January 15, 2010

Chasing/Facing/Embracing Your Fears

What are you afraid of?

Anytime that question pops up, I always answer it the same way.

1) Losing someone I love
2) Not living up to my potential

Those are my deepest fears. Sure, I'm afraid of things like snakes and spiders. I have a raging case of vertigo. I'm not necessarily looking forward to my own death. But nothing strikes the immobilizing chill of fear in my heart like those two biggies listed above.

Bettina, one of the characters in Six Feet Under (played by Kathy Bates), once told Ruth (as played by Frances Conroy) that being afraid of something is a good reason to do it. I tend to agree with her. I don't think that I need to go out and provoke a snake in an effort to face my fear of those slimy reptiles. I think there are some damn good reasons to be afraid of snakes, or at least the poisonous ones. Not to mention the ones who can squeeze the shit out of you.

It's not about being a daredevil. It's about living. Giving each day your best shot.


I hate calling my dad on the phone. I've never enjoyed it, but ever since he's been in the nursing home, I've developed an even stronger aversion to it. I appreciate hearing his voice, because it clues me in to how he's doing. I like touching base with him, because on some level it may make a difference to him (and it certainly does to me). But I don't look forward to making the weekly call. It makes me feel heavy. And sad. Because each minute-long conversation reminds me of how I've always longed to spill my guts to him and have him understand. We will never have that kind of relationship. It hurts me each time I re-realize that.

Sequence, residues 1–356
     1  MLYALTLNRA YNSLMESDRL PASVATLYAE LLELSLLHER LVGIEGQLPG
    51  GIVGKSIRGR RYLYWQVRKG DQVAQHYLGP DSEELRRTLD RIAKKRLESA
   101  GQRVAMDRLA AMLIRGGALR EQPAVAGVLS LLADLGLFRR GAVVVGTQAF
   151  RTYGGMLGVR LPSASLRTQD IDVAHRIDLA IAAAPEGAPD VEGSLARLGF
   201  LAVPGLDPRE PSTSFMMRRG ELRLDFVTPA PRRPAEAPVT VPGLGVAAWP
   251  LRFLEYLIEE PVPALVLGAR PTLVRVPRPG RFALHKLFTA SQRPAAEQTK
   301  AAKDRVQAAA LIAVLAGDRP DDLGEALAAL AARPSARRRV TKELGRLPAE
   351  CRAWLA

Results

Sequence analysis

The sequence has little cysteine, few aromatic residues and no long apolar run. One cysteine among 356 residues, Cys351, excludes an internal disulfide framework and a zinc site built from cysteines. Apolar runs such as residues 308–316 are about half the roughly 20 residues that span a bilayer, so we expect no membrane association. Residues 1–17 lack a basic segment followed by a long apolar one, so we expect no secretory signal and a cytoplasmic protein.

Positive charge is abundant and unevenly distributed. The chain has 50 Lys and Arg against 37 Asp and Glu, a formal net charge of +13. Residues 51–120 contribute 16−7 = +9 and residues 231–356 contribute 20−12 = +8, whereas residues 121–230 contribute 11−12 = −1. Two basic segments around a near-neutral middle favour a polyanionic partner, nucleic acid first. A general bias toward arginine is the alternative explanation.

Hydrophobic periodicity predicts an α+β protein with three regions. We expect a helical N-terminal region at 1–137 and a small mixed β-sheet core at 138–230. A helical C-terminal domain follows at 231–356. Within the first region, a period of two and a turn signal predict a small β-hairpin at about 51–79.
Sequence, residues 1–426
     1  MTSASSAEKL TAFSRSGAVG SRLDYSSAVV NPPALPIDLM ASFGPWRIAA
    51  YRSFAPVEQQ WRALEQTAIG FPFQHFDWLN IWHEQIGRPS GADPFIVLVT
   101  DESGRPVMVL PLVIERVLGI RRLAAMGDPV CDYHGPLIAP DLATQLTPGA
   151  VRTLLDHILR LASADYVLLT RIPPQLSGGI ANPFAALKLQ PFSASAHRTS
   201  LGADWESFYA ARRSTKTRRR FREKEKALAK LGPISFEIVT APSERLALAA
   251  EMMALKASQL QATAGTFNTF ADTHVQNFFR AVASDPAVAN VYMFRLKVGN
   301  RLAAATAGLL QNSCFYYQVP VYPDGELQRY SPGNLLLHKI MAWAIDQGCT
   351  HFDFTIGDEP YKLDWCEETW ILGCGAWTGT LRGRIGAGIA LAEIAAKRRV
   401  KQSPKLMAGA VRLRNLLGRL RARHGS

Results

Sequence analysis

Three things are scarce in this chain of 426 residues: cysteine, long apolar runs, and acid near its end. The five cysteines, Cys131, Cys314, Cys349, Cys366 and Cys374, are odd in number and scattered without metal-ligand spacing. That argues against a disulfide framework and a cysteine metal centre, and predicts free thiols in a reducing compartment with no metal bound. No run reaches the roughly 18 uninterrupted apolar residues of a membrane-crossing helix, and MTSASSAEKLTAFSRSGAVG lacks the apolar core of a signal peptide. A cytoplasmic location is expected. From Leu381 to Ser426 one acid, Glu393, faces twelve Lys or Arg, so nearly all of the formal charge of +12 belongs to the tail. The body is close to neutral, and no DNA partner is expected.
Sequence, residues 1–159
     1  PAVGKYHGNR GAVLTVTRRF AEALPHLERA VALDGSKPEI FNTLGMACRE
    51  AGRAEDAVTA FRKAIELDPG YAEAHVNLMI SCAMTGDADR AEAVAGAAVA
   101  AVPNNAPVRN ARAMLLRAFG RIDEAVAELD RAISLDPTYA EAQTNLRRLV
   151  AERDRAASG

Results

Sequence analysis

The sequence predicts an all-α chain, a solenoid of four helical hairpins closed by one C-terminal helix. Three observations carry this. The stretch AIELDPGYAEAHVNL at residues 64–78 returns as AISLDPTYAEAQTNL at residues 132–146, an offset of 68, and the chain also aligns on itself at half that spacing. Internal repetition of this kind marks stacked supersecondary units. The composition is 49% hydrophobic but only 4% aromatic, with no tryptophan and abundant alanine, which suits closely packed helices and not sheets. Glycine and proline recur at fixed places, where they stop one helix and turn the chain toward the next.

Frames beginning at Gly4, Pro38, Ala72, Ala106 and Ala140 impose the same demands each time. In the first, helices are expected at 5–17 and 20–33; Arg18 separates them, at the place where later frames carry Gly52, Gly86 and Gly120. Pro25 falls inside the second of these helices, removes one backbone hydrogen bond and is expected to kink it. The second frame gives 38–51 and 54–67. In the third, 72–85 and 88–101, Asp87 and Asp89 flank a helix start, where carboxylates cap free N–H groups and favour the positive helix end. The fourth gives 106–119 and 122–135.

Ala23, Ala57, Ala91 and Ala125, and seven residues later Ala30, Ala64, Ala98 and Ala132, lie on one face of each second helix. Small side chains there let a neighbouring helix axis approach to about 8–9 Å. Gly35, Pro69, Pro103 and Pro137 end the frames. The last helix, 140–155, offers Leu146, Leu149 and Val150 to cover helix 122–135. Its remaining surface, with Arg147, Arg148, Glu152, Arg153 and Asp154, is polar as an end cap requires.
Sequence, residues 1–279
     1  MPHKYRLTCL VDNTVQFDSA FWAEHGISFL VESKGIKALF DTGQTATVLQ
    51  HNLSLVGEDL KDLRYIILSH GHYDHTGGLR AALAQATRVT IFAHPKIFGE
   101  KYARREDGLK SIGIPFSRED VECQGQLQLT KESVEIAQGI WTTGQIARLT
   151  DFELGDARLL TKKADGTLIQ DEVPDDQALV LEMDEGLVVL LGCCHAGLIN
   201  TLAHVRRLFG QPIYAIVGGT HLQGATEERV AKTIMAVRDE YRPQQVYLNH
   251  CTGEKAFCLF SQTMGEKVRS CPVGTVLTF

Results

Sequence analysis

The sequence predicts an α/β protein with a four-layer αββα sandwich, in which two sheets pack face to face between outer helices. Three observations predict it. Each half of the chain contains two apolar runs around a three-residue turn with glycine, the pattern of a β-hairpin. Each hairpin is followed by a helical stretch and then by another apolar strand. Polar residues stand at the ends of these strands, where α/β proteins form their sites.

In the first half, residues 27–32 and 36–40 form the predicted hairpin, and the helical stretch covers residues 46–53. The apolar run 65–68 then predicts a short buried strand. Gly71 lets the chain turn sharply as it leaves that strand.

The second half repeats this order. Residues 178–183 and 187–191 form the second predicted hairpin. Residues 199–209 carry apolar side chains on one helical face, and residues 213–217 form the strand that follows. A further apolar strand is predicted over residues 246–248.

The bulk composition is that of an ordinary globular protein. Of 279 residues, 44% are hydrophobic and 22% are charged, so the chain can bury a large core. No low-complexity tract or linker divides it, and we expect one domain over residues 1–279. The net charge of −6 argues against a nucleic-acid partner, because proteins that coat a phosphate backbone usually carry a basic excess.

But still, I call. And I tell him I love him. I used to be so scared to say those words to him, because I never knew if he would say them back. I guess I had a good reason to be afraid, because he rarely returns the sentiment. However, he always has when I've needed him to.

But now that fear seems kind of silly to me. I can love my dad, and I can tell him so. Sure, I love hearing it from him. But it's more important that he hears it from me. I don't want him to feel alone.

So when I call, and when I say those three magical words, I'm giving our relationship its best shot. I don't want to have regrets.


My husband is my hero. He always looks embarrassed when I tell him that. He works with developmentally disabled adults as a (sort of) social worker. When he decided to get his Master's degree in Rehabilitation Counseling, I was very excited for him, because if anyone should be working with those less fortunate, it's Roy. He is as steadfast and patient as a rock. A very caring, loving, gentle rock.

Back in September, we went to a sports expo for people with disabilities on campus. I saw some amazing, wonderful things.

Wall climbing




I spent the majority of that day blinking back tears, thinking of how incredible it is for people with disabilities to be able to do the things that we take for granted. (I am especially rooting for the young man below.)

And then I did cry when I realized that these are the people Roy works with everyday. It's so hard to be faced with those who are disabled in some way. They remind us of our own fragility. And yet my husband helps them every single day. I love him for that.